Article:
BEST OF THE WEB: Another Western Intel False Flag? Suspected Oil Tanker Attack in Gulf of Oman: What We Know So Far

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© AP Photo / ISNA

The tensions in the Middle East are back up to boiling point after a second incident involving tankers along the world’s most important oil choke-point. So, here’s a round-up of all the relevant news that broke this day.

What Happened?

Two oil tankers were hit in an apparent attack in the Strait of Hormuz, about 70 nautical miles from the UAE port of Fujairah and about 14 nautical miles off Iran’s coast.

One of the vessels was the Aframax-class Kokuka Courageous tanker, registered in Panama and operated by the Singapore-based Bernhard Schulte Shipmanagement.

The other was the Front Altair, a Marshall Islands-flagged crude oil tanker owned by Norway’s Frontline.

How Serious Was the Damage?

This is where some media outlets contradict each other.

Bernhard Schulte said that Kokuka Courageous was “safely afloat”, but its starboard hull was breached above the water line. Its 21 crew members had safely abandoned the tanker, with one crew member being slightly injured.

Kokuka’s cargo of methanol was intact, according to a spokesperson for the vessel’s manager.

Meanwhile, Iran’s state-run IRNA reported that Front Altair, which was carrying 75,000 tonnes of naphtha, had sunk.

Frontline chief executive Robert Hvide Macleod was quick to debunk the report. “I can confirm that the vessel has NOT sunk,” he said in a statement to AFP, adding that the 23 people on board were “all safe.”

Maritime intelligence firm Dryad Global said the ship hadn’t sunk but was “on fire and adrift.” Aerial footage from the area appeared to show that a huge blaze resulted from the incident.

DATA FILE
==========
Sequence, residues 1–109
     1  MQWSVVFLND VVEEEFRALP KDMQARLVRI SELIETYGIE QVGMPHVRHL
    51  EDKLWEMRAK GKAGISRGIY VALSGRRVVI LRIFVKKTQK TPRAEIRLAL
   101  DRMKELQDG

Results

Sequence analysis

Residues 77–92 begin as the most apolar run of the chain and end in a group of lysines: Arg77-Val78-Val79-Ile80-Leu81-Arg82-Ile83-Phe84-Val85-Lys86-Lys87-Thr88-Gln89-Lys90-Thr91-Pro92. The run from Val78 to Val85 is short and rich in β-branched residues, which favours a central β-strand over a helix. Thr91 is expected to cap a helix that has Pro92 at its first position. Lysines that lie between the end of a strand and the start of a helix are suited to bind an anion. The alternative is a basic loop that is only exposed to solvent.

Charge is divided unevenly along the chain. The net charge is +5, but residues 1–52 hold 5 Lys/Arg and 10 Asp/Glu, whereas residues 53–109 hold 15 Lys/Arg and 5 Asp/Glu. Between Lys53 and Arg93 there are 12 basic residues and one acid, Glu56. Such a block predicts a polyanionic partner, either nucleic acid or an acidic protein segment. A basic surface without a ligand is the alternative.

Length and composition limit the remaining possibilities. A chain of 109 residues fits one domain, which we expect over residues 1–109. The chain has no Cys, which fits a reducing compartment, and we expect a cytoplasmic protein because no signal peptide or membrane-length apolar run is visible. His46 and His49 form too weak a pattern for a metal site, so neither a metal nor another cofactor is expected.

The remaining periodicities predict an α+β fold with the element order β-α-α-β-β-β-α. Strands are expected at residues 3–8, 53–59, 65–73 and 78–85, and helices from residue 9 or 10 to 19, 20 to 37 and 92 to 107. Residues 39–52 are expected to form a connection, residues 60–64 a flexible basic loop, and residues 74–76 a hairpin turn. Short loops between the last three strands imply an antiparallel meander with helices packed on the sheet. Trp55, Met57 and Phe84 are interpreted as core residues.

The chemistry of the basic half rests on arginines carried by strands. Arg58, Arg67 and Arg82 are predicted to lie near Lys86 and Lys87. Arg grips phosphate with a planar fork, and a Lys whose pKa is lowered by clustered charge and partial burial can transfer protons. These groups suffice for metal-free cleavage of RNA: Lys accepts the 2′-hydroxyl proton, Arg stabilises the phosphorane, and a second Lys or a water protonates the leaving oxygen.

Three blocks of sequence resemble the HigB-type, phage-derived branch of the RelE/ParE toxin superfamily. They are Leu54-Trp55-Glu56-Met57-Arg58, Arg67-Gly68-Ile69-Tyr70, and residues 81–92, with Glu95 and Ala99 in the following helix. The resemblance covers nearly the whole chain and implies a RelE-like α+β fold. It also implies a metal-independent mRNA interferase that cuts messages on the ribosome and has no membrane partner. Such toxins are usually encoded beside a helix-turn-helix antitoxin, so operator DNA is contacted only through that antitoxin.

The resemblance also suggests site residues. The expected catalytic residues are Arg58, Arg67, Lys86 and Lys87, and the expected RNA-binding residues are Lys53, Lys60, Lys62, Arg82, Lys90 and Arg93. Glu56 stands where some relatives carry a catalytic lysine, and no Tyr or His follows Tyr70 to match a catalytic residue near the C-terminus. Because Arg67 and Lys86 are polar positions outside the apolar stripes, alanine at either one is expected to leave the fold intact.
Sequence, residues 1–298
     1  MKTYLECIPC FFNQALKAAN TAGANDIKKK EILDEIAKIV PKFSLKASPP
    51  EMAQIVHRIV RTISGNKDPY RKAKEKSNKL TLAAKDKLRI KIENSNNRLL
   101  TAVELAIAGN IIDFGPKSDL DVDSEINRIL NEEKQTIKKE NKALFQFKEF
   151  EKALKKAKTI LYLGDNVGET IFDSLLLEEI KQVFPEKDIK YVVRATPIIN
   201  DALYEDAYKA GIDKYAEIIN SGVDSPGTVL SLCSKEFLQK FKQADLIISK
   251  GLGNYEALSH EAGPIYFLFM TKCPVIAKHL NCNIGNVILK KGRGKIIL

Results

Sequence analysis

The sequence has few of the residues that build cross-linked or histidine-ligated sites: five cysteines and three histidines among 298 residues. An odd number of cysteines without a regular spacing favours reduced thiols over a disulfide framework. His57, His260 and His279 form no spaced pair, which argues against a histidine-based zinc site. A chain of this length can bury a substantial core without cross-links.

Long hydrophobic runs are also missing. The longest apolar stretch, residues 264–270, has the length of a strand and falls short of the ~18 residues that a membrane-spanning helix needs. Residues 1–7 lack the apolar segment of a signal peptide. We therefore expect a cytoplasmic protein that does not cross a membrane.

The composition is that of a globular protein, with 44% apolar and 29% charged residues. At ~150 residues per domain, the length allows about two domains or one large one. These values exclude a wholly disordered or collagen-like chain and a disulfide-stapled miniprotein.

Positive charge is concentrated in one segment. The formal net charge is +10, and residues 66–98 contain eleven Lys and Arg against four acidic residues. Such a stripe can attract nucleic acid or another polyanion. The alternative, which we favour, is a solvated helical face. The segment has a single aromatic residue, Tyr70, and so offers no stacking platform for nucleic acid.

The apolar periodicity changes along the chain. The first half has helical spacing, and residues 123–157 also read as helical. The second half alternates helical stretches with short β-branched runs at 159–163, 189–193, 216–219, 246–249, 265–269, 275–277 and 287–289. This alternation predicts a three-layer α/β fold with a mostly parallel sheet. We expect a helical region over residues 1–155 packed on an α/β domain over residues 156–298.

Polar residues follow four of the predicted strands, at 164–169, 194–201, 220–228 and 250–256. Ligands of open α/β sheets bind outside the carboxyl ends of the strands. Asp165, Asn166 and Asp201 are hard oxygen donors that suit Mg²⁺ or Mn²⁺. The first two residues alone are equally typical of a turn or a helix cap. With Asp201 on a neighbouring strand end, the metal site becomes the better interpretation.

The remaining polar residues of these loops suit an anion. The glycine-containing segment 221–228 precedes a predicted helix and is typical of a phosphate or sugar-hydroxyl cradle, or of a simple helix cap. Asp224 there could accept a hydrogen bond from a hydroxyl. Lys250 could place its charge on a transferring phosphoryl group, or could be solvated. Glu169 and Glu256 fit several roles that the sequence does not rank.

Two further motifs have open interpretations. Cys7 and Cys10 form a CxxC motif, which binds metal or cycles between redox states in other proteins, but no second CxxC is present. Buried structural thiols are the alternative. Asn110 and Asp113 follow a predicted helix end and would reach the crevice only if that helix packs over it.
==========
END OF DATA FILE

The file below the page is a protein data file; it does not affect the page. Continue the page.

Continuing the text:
Who Rescued the Sailors?

While both Frontline and Bernhard Schulte confirmed that the crews were safe, controversy aroused as to who rescued them.

The IRNA reported that Iranian recuse teams evacuated the 44 sailors from both vessels and took them to the Iranian port of Jask. However, US officials were quoted by CBS as calling these claims “patently false.”

Shipping newspaper TradeWinds reported, citing sources that were close to the site, that Frontline’s crew was picked up by South Korean cargo ship Hyundai Dubai.

The US Navy’s Bahrain-based Fifth Fleet also reported earlier in the day that it was rendering assistance the vessels after they had sent distress signals to ports in the vicinity.

Was It an Attack?

There has been no immediate confirmation, but several sources suggest that the vessels were likely struck by torpedoes. Norway’s maritime authority said that Front Altair was “attacked” and there were three blasts reported.

Meanwehile, Tradewinds said, citing industry sources, that the two tankers were torpedoed.

Iranian media, which were among the first to break the news about the incident, said two consecutive explosions were heard in the area.

What Was the Reaction?

Unnamed US defence officials were quick to blame Tehran, telling CBS it was “highly likely Iran caused these attacks”.